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I have a class called Root which serves as some kind of phonebook for dynamic method calls: it holds a dictionary of url keys pointing to objects. When a command wants to execute a given method it calls a Root instance with an url and some parameter:

root_->call("/some/url", ...);

Actually, the call method in Root looks close to this:

// Version 0
const Value call(const Url &url, const Value &val) {
  // A. find object
  if (!objects_.get(url.path(), &target))
    return ErrorValue(NOT_FOUND_ERROR, url.path());
  }

  // B. trigger the object's method
  return target->trigger(val);
}

From the code above, you can see that this "call" method is not thread safe: the "target" object could be deleted between A and B and we have no guarantee that the "objects_" member (dictionary) is not altered while we read it.

The first solution that occurred to me was:

// Version I
const Value call(const Url &url, const Value &val) {
  // Lock Root object with a mutex
  ScopedLock lock(mutex_);

  // A. find object
  if (!objects_.get(url.path(), &target))
    return ErrorValue(NOT_FOUND_ERROR, url.path());
  }

  // B. trigger the object's method
  return target->trigger(val);
}

This is fine until "target->trigger(val)" is a method that needs to alter Root, either by changing an object's url or by inserting new objects. Modifying the scope and using a RW mutex can help (there are far more reads than writes on Root):

// Version II
const Value call(const Url &url, const Value &val) {
  // A. find object
  {
    // Use a RW lock with smaller scope
    ScopedRead lock(mutex_);
    if (!objects_.get(url.path(), &target))
      return ErrorValue(NOT_FOUND_ERROR, url.path());
    }
  }
  // ? What happens to 'target' here ?

  // B. trigger the object's method
  return target->trigger(val);
}

What happens to 'target' ? How do we ensure it won't be deleted between finding and calling ?

Some ideas: object deletion could be post-poned in a message queue in Root. But then we would need another RW mutex read-locking deletion on the full method scope and use a separate thread to process the delete queue.

All this seems very convoluted to me and I'm not sure if concurrent design has to look like this or I just don't have the right ideas.

PS: the code is part of an open source project called oscit (OpenSoundControl it).

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Even the first solution is "not fine" when another piece of code tries to remove the node. –  peterchen Jan 21 '10 at 14:17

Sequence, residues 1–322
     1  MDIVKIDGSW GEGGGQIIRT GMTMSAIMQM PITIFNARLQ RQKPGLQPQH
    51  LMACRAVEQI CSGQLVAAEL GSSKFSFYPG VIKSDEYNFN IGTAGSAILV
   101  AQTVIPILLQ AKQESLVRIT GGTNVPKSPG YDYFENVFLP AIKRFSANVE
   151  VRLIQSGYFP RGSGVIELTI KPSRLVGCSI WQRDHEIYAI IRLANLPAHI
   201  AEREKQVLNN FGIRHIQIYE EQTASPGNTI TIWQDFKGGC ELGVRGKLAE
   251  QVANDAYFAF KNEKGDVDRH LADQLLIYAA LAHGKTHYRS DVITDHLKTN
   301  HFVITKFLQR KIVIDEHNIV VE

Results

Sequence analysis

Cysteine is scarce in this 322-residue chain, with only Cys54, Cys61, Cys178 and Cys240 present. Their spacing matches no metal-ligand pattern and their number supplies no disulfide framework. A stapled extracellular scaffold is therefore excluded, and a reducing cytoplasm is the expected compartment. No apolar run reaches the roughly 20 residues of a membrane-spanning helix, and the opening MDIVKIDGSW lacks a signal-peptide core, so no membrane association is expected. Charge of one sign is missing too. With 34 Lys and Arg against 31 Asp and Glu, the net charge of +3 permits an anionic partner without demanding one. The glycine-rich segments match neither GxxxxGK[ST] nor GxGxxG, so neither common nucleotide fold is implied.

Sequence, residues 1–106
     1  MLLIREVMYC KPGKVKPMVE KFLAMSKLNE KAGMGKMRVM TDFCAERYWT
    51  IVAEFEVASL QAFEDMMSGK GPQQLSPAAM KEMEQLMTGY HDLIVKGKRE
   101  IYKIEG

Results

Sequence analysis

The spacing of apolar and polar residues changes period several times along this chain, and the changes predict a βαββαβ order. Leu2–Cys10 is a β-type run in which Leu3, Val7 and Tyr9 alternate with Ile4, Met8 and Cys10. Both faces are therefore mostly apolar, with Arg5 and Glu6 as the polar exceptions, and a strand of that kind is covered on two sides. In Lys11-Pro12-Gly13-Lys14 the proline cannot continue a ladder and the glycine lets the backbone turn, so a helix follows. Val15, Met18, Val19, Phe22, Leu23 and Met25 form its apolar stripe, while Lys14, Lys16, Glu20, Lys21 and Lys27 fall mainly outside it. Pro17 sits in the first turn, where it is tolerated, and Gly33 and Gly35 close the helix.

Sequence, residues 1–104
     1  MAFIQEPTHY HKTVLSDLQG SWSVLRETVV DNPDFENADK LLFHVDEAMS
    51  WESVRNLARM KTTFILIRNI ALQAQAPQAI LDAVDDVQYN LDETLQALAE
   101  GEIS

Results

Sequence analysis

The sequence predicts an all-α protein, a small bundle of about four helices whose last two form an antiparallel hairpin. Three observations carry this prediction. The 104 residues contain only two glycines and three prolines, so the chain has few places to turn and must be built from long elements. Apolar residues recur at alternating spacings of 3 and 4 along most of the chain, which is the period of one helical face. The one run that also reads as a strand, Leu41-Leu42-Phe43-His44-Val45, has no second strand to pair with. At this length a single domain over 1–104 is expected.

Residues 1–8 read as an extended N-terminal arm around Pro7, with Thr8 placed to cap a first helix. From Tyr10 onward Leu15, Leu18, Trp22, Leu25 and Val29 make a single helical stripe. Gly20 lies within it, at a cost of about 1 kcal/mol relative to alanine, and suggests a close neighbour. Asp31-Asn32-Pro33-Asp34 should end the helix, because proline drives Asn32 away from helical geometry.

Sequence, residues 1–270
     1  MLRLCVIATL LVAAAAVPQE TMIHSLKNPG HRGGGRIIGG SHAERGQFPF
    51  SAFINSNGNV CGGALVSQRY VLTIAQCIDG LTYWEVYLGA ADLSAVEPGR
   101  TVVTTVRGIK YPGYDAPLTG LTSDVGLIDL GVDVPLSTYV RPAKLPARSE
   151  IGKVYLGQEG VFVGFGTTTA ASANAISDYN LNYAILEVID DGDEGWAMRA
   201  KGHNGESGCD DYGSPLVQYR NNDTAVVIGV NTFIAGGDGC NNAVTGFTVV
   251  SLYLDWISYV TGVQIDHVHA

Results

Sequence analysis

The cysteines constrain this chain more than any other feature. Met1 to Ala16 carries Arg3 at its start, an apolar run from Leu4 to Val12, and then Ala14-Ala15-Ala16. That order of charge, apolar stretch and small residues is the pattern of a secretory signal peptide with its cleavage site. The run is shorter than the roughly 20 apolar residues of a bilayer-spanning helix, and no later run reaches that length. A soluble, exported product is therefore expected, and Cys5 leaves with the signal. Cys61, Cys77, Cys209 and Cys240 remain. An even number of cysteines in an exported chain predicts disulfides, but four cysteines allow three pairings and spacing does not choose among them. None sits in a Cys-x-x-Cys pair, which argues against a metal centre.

It could be if the code to remove an object first requires a write lock on Root. –  Gaspard Bucher Jan 21 '10 at 17:18

2 Answers 2

up vote 2 down vote accepted

To avoid the deletion of 'target', I had to write a thread safe reference counted smart pointer. It is not that hard to do. The only thing you need to ensure is that the reference count is accessed within a critical section. See this post for more information.

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That's a good idea. I just have to take care of the --ref_count and unregister order: unregister first (the read lock would prevent this), then --ref_count (increased ref_count would prevent deletion). –  Gaspard Bucher Jan 21 '10 at 10:59
    
If you think writing a thread safe referenced smart pointer is not hard maybe you should talk to the developers of the boost smart pointer and ask them what all the problems with implementing a normal smart pointer were. –  Loki Astari Jan 21 '10 at 16:50
    
I don't need smart pointer semantics (I tend to avoid them anyway), the point is thread safe reference counting. –  Gaspard Bucher Jan 21 '10 at 17:20
    
@Martin: You're right, apparently, boost::shared_ptr is thread safe; I didn't know that. From my experience it is really not that hard (and my implementation is thoroughly tested in the last two years :p). But indeed, if Boost supports it, I'd advise Gaspard to reuse that implementation. It's a good library. The only problem with it (from what I remember when using it some 5 years ago :p) is that the implementation is really hard to understand due to cross-compiler patches. –  Dimitri C. Jan 22 '10 at 8:25
    
@Gaspard: There is not reason to be afraid of using smart pointers; don't let them scare you :p They merely provide a syntactic shorthand, and a thread safe smart pointer is a handy extension to your toolbox. –  Dimitri C. Jan 22 '10 at 8:29

You are on the wrong track with this. Keep in mind: you can't lock data, you can only block code. You cannot protect the "objects" member with a locally defined mutex. You need the exact same mutex in the code that alters the objects collection. It must block that code when another thread is executing the call() method. The mutex must be defined at least at class scope.

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I understand "locking data" as "accessing the data from within a critical section", which is common practice. –  Dimitri C. Jan 21 '10 at 15:22
    
Yes, a CS would work too. It still cannot be one that's local to the function, the code that alters "objects" needs to use the same one. –  Hans Passant Jan 21 '10 at 15:55
    
Hmmm, I don't see any locally defined mutex. "mutex_" is a class member and ScopedRead is a scoped lock that locks "mutex_". There is no mutex instantiation in this code. Did I miss something ? –  Gaspard Bucher Jan 21 '10 at 17:16
    
Okay, I didn't know what a ScopedLock was. Be sure to use "mutex_" also in the code that alters the "objects" member. –  Hans Passant Jan 21 '10 at 17:33

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